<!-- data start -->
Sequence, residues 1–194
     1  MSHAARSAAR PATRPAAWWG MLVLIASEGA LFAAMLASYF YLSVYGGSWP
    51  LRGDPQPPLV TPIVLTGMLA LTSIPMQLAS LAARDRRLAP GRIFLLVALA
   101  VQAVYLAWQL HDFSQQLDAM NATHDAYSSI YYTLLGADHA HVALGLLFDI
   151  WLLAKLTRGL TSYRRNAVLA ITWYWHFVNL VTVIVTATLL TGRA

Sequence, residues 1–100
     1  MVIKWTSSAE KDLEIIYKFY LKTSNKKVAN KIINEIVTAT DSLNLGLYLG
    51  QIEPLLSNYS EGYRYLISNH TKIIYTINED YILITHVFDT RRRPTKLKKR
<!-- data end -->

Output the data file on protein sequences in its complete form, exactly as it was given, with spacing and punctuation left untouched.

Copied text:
Sequence, residues 1–194
     1  MSHAARSAAR PATRPAAWWG MLVLIASEGA LFAAMLASYF YLSVYGGSWP
    51  LRGDPQPPLV TPIVLTGMLA LTSIPMQLAS LAARDRRLAP GRIFLLVALA
   101  VQAVYLAWQL HDFSQQLDAM NATHDAYSSI YYTLLGADHA HVALGLLFDI
   151  WLLAKLTRGL TSYRRNAVLA ITWYWHFVNL VTVIVTATLL TGRA

Sequence, residues 1–100
     1  MVIKWTSSAE KDLEIIYKFY LKTSNKKVAN KIINEIVTAT DSLNLGLYLG
    51  QIEPLLSNYS EGYRYLISNH TKIIYTINED YILITHVFDT RRRPTKLKKR